What do you do?
It’s a question you’ve been asked a thousand times and, if you’ve got a fledgling design or web business, you might not always know how to answer. If the job pays, you’ll often be tempted to answer “Anything you want”! But we know from cold, hard experience (see below) that it helps to know precisely what services you offer—and do not offer.
So how do you shape your service offering? Three words: focus, specify, and choose.
Focus: Play to your strengths
We all prefer to operate in our sweet spot, but that’s not easy when you’re starting out. Eager for work, you get sucked into doing whatever the client asks for. The problem is, you may be doing a sub-par job in those areas where you’re less skilled. You end up a mile wide and an inch deep. That’s why we recommend playing to your strengths.
In our early days at Rocketspark, we were jacks-of-all-trades, agreeing to everything from Flash design to email marketing—all stuff outside our speciality. As we grew, however, we realised the value in zeroing in on our core business.
That’s easier said than done. So how do you stick to what you’re good at? You have two options: (1) outsource, and (2) refer. If you outsource, you can still legitimately claim that as something you offer (check out our blog post on scaling up for more advice about outsourcing work). But if you can’t or don’t want to outsource, then go the extra mile for the client and refer them to somebody who can fulfill their request. Referring clients to other business is good for your business too. Refer work to someone else and, chances are, they’ll refer work back to you.
Specify: Be specific about what you offer
Shaping your service offering is all about figuring out where you’re going to concentrate your energies. Hey, it’s your business—so what do you want to do? You can build your business around what you want it to be, not just what work gets thrown at you. Get specific about what design services or web services you’re willing to take on and what you’d rather decline.
One of our design partners, Kaz Dezign, started out as a print design firm. But when founder Karen May saw the demand for websites, she made the decision to grow into web design. Now they can offer both print and web design, giving clients a more unified brand. And when it was time for a brand overhaul, they incorporated web into the new brand. Karen made an intentional decision about what specifically she wanted to be able to offer, and her business grew as a result.
So you need to have a clear idea of your service offerings in your mind—but also on your website. One way to do this is have a dedicated services page (and a page for each service), detailing specifically what services you offer. Clients can then better appreciate what you can deliver.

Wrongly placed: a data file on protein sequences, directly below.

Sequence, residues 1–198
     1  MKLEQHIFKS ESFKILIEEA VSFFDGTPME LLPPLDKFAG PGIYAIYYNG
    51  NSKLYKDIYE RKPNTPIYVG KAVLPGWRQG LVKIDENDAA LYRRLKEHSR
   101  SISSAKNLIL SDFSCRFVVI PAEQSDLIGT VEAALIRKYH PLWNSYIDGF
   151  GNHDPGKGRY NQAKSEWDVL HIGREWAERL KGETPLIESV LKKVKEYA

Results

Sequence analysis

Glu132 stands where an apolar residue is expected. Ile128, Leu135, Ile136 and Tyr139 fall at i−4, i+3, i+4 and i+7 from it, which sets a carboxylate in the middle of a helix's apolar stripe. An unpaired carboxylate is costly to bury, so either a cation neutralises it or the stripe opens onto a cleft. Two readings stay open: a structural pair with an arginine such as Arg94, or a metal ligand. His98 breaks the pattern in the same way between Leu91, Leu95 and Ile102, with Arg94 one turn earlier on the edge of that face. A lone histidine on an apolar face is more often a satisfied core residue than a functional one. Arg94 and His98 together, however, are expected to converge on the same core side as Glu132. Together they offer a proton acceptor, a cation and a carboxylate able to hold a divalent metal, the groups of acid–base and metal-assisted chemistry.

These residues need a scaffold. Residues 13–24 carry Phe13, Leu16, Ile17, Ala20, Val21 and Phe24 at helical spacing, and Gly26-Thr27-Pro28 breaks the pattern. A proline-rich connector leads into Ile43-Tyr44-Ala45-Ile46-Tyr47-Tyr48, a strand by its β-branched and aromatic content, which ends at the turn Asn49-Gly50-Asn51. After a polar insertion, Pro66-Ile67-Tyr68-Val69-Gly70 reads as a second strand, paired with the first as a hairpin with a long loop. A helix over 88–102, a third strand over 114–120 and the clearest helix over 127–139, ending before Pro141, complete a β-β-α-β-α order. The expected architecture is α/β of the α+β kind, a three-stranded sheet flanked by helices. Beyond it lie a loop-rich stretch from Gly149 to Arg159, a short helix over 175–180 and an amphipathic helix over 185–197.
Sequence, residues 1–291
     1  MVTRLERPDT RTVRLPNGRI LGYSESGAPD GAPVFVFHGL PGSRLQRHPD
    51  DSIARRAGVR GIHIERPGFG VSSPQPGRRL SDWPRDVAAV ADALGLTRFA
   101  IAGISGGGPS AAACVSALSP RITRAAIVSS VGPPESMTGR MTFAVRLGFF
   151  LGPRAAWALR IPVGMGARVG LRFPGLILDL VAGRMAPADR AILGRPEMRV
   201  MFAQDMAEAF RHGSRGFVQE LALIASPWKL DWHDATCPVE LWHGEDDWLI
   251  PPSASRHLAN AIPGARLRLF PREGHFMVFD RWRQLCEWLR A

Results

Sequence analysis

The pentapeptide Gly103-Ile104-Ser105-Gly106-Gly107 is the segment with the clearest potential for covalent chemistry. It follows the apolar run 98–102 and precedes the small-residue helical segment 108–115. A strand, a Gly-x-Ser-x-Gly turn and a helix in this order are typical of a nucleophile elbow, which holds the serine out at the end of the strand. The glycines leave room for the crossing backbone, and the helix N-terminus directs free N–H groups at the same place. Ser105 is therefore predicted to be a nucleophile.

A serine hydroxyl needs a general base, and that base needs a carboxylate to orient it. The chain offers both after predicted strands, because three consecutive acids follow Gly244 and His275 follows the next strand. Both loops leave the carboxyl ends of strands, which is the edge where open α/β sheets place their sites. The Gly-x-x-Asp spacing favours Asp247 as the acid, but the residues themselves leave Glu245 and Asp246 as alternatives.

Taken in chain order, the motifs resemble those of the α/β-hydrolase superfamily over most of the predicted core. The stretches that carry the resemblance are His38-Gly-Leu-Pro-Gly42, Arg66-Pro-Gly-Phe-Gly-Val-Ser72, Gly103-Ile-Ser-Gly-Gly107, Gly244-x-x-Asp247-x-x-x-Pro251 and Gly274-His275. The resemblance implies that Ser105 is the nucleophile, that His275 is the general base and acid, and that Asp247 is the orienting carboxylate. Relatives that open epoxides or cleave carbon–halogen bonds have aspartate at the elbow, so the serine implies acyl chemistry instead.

Choose: Don’t be afraid to say “no”
Being clear on your service offerings lets you choose what work you want to accept and what to (politely) decline. It’s about being proactive rather than reactive. If you know what you do and do well, you’re able to take control of your business. So go ahead: be picky. Never be afraid to say “no.”
Sometimes when a client asks for something outside our area of expertise, our eyes light up with dollar signs—and that can have a blinding effect. But don’t be fooled. Those types of jobs may end up being less lucrative than they might initially appear. Firstly, if you’re doing something new, it can end up sucking up a lot of precious time. Secondly, quoting for an unfamiliar type of work can be tricky. If you underestimate the time it’ll take, you could end up doing lots of work that you can’t charge for.
Of course, there are legitimate reasons to take on something outside your comfort zone. Upskilling and expanding what you offer could pay dividends in the long run. But you still need to be careful. If there’s not likely to be much demand for it over time, it’s probably not worth it. On the other hand, certain skills are worth learning. Almost every client would potentially benefit from having a website, so expanding into web design is a valuable string to add to your bow.
Conclusion: Focus, Specify, Choose
Don’t fall into the trap of saying “yes” to everything a client asks for. Instead, gain a clear sense of what services you offer and stick to the game-plan.
- Focus on what you do best.
- Specify what you can offer.
- Choose what to accept and what to decline.
Shaping your service offering takes forethought and intentionality, but it’s better for business in the long run. It lets you focus on what you do well, do efficiently, and do with a smile on your face!